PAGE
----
For more details see: Mao et al. (2009) Potential of the seaweed Gracilaria lemaneiformis for integrated multi-trophic aquaculture with scallop Chlamys farreri in North China. Journal of Applied Phycology 21, 649-656.

Integrated Multi-Trophic Aquaculture (IMTA) in Marine Temperate Waters

In this summary the ongoing situation and the potential for the practice of integrated multi-trophic aquaculture (IMTA) in the world’s marine temperate waters are highlighted. As is well known these days, IMTA in fact, is one of the most promising pathways in the evolution of sustainable aquaculture systems. Currently, most research is focused on biomitigation technologies and implemented within various aquaculture systems in order to minimize the impacts of excess nutrients on the surrounding areas. IMTA combines fed aquaculture species (e.g. finfish/shrimps) with organic extractive culture (e.g. suspension feeders/deposit feeders/herbivorous fish) and inorganic extractive species (e.g. seaweeds, halophytes) in such a way that waste produced by the fed culture becomes input for the extractive cultures.IMTA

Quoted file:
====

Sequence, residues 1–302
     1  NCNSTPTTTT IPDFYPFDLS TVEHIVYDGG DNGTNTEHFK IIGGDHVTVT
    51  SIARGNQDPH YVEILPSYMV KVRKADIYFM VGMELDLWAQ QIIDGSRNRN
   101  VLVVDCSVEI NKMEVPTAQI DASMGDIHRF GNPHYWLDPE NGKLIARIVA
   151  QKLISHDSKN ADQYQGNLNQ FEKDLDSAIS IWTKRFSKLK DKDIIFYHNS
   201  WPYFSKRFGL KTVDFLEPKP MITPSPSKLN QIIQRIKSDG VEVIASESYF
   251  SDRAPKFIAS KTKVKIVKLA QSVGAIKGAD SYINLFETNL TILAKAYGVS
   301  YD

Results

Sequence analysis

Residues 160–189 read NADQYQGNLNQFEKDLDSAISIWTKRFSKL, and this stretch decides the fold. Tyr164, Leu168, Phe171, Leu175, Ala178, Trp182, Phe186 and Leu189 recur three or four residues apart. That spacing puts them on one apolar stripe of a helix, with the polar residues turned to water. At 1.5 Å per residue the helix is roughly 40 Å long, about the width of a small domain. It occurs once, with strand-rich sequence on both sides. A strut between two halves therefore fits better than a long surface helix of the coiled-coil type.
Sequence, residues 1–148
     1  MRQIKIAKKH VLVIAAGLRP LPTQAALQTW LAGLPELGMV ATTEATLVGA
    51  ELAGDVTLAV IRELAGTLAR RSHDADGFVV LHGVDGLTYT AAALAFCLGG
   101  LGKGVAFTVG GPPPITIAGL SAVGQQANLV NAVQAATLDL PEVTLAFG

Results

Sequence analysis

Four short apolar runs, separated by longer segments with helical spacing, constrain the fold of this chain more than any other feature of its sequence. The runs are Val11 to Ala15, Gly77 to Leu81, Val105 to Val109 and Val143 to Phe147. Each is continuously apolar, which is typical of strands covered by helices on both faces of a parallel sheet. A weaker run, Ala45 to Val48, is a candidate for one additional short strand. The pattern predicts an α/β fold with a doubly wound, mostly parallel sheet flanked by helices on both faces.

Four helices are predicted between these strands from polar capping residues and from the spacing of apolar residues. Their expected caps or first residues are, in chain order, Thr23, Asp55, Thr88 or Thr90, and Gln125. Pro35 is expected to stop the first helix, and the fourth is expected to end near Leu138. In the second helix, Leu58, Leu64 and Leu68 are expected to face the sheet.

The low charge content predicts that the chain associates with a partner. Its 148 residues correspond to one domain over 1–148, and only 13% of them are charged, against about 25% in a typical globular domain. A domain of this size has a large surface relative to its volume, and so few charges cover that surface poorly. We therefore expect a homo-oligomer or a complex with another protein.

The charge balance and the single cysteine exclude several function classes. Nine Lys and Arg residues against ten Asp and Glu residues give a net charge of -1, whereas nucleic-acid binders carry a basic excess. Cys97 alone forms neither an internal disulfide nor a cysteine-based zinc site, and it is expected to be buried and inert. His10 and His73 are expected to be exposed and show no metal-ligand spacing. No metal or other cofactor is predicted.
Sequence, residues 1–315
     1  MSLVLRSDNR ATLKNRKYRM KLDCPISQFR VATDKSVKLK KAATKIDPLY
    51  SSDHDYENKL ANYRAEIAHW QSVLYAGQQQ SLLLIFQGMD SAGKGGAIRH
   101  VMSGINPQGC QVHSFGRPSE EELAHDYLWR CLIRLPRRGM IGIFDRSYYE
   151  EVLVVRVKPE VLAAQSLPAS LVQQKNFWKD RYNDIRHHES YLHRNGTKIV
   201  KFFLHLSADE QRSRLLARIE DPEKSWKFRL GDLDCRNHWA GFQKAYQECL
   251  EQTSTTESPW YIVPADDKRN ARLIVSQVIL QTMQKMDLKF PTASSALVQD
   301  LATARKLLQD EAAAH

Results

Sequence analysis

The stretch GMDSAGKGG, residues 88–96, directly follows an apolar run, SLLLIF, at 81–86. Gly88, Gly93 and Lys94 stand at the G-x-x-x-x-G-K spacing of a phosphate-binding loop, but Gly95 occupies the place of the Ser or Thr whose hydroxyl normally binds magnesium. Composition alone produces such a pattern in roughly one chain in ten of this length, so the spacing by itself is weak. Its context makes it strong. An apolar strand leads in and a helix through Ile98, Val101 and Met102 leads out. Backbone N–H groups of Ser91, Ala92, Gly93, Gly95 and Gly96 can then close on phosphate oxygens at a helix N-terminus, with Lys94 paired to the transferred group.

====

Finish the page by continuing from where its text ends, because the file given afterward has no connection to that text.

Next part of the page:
In fact,

  • The only countries to have IMTA systems near commercial scale, or at commercial scale are: Canada, Chile, China, Ireland, South Africa, the United Kingdom of Great Britain and Northern Ireland (Scotland) and the United States of America.
  • Countries having ongoing research projects related of IMTA are: France, Portugal and Spain.
  • Scandinavian countries, in particular Norway, have made efforts towards the development of IMTA, in spite of possessing a large aquaculture network of finfish.